Andre Wilms is terrific here, delivering a pleasantly subtle performance. We like Marcel at once, and the more time we spend with him, the deeper that bond becomes. It’s easy to understand why characters who chide him a little at the start of the film – he’s a bit of a moocher – rally around him quickly once he decides to stick his neck out for the boy. I was impressed with most of the rest of the cast, particularly with Inspector Monet (Jean-Pierre Darrousin), who delivers a finely tuned performance. The boy Idrissa, Blondin Miguel, is a little too blank and lifeless for my tastes, but in a movie where so much of the cast is so laid back, it’s a lesser quibble.
Le Havre feels like it was shot in the early Sixties – not only the bright colors, but no one has a cell phone, few of these people even have cars, and their lives seem to be simpler and certainly more relaxed. I’m guessing this warm, enjoyable film wouldn’t be everyone’s cup of tea – you’d sort of have to at least be inclined to like the French, which many Americans aren’t –but I found it engaging and refreshing.
October 21, 2013
I trust Brad Pitt as an actor not to lure me into any really crappy films. While some of his work is better than others (naturally), I feel he does consistent enough work that I can bank on him – he might not have the track records of a Damon or a Clooney, but he’s in a similar league from a dependability standpoint.
Pitt plays Jackie, a hitman who prefers to keep a distance from his targets. Jackie is called in by a front man (Richard Jenkins) for… the mob? It’s never really said… who is concerned because Markie’s (Ray Liotta) high stakes card game was knocked over. Problem is, this is the second time it’s happened, and the first time Markie orchestrated the hit himself. He doesn’t this time (we are shown the real story), but everyone figures Markie did it, so he has to be taken out. Jackie also has to track down who conducted the actual robbery and deal with them too.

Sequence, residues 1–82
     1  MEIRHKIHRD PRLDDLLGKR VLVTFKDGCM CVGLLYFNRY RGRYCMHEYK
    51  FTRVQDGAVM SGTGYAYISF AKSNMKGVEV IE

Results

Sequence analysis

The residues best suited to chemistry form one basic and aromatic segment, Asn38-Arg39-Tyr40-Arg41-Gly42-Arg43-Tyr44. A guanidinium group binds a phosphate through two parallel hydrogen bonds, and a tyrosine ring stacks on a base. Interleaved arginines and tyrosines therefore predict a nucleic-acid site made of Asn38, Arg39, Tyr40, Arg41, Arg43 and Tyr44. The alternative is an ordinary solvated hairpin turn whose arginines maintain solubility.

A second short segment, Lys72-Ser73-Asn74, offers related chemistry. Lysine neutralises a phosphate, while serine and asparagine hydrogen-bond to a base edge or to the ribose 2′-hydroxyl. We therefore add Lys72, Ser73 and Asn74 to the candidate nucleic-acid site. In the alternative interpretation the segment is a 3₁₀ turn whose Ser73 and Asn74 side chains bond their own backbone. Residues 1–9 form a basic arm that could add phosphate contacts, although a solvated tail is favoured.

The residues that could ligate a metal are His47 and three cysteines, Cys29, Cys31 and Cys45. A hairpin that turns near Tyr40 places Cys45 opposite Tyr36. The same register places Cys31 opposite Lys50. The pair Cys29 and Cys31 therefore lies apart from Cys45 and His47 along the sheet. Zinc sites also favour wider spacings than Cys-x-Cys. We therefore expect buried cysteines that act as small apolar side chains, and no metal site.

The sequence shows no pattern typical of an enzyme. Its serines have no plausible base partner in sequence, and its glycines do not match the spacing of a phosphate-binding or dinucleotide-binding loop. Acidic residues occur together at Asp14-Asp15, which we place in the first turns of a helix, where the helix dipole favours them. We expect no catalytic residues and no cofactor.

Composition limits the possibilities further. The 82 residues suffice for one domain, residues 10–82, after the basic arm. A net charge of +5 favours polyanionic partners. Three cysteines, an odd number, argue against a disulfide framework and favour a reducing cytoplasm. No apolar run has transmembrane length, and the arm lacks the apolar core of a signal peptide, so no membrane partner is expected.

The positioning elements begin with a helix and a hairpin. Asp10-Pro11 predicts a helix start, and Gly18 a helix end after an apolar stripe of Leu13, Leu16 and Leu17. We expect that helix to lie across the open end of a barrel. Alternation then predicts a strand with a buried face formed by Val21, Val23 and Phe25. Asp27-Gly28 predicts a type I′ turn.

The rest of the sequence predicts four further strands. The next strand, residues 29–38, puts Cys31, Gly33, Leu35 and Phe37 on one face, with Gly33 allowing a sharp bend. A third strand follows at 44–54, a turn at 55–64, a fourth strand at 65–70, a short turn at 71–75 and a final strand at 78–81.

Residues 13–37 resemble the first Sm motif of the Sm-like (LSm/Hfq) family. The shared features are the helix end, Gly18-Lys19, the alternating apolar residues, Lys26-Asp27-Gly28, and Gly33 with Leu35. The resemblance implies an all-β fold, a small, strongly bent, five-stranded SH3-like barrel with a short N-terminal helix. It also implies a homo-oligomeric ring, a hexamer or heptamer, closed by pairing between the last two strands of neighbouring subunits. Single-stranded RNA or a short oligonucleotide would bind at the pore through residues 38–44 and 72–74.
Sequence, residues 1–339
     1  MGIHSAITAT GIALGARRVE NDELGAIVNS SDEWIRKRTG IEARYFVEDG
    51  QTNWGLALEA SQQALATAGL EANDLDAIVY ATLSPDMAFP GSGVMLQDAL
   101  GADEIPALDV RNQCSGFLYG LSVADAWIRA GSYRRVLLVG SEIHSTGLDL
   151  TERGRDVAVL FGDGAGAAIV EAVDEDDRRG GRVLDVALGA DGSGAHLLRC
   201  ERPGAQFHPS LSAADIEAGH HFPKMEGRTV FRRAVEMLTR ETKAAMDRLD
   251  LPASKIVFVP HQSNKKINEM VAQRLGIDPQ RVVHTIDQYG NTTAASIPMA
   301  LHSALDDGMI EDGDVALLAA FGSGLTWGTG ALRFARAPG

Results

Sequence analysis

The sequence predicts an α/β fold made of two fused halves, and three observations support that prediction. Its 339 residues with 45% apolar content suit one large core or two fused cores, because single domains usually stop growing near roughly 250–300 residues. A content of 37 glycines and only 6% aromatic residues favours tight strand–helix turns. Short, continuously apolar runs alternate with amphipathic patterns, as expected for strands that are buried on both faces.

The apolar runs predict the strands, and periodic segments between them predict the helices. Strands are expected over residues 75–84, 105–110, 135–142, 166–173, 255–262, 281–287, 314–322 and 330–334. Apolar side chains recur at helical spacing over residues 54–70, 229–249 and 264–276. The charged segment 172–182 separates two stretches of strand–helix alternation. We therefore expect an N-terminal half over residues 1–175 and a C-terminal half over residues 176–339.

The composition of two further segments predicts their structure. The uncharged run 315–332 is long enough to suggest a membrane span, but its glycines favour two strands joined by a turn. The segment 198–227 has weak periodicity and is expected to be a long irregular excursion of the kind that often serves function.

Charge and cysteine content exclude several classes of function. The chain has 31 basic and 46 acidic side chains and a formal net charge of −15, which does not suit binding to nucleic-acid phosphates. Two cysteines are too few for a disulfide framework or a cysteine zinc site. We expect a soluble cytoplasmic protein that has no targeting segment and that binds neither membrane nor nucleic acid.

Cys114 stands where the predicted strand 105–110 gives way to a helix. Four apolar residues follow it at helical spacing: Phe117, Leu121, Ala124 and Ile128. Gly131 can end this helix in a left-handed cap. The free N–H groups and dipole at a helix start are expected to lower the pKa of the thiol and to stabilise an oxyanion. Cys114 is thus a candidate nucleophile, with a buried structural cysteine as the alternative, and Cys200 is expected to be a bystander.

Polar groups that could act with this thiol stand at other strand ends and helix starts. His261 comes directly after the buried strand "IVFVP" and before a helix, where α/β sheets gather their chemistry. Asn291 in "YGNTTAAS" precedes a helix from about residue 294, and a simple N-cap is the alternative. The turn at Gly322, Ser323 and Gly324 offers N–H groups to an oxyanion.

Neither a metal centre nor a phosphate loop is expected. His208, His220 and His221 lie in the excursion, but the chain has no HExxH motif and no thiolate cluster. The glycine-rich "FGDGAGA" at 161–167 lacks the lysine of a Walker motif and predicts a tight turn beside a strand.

The problem here is that it takes far longer than it should to get to that plot. We start out with the robbers and spend a lot of screen time establishing the thieves’ patois, then we follow them to the hit, and we seem to sort of run in circles for a bit before Pitt establishes himself and people start to die. And even then, there’s a lot of unnecessary dialogue scenes, as if some scriptwriter just fell in love with his word processor or wanted to prove he was the next Tarantino or both. There’s also a wholly unnecessary, completely time-wasting subplot with James Gandolfini as a New York assassin named Mickey called in to do one of the hits as the mark will recognize Jackie, but all Mickey wants to do is drink, whore, and bitch about his life, so all Gandolfini does is pad out the film’s run time (it’s only 97 minutes to begin with), and by his second or third appearance I was considering reaching for the remote to fast forward when I thought the guy just died, just watch his scenes, but there was no payoff at all, and even worse, Gandolfini seemed to be trying for some sort of SNL-inspired imitation of Robert DeNiro. With a film this shakily constructed, you don’t need an actor wandering off into potential spoof.
There’s also a troubling sense of timelessness; we seem to be in the present day (Jackie sports a relatively recent-looking cell phone), but all the cars and haircuts are from the 70s, and the mish-mash of accents makes it impossible to pin down place, either, either than somewhere in America where it gets cold. Most of the recent spate of really good crime movies (Gone Baby Gone, The Town, etc.) draw from their environs, and I think making the setting here so generic doesn’t help.
All that aside, Pitt gives a fairly good performance as a laid-back but nonetheless brutal hitman; the menacing here is very subtle, and we know before the marks do that they aren’t going to make it out of the scene alive. Everyone else other than Gandolfini is satisfactory, though Liotta is capable of better than this. Gandolfini, like I said, is way, way off.
For those who simply love crime dramas (or Brad Pitt), this is marginally worth watching. If neither one of those two factors are your strong suit, you could give this one a pass and not miss much. We’ve seen this type of thing done a fair amount recently, and usually better.
October 20, 2013